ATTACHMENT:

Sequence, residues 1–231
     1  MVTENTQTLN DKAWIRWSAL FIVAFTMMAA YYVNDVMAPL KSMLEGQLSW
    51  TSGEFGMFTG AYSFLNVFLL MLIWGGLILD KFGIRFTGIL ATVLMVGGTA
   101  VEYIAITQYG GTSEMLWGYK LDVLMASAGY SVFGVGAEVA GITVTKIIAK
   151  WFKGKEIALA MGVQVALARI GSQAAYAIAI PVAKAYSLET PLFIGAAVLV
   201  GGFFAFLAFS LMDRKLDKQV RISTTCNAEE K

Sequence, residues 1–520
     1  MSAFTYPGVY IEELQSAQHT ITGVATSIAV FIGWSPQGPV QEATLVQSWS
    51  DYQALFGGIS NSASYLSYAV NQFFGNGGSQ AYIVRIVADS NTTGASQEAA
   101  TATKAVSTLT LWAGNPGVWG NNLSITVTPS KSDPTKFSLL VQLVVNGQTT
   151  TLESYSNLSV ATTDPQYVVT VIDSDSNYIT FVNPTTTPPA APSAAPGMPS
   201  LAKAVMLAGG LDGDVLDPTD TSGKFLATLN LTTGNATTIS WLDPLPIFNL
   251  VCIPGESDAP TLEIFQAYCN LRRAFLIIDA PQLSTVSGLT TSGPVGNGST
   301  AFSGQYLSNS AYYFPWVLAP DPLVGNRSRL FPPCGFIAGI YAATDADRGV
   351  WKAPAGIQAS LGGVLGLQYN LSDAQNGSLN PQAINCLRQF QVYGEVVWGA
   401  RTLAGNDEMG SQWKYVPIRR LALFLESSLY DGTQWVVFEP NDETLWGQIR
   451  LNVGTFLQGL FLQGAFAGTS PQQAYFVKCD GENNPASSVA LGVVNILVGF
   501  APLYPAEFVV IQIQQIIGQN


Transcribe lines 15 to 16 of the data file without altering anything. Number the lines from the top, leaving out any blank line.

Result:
   351  WKAPAGIQAS LGGVLGLQYN LSDAQNGSLN PQAINCLRQF QVYGEVVWGA
   401  RTLAGNDEMG SQWKYVPIRR LALFLESSLY DGTQWVVFEP NDETLWGQIR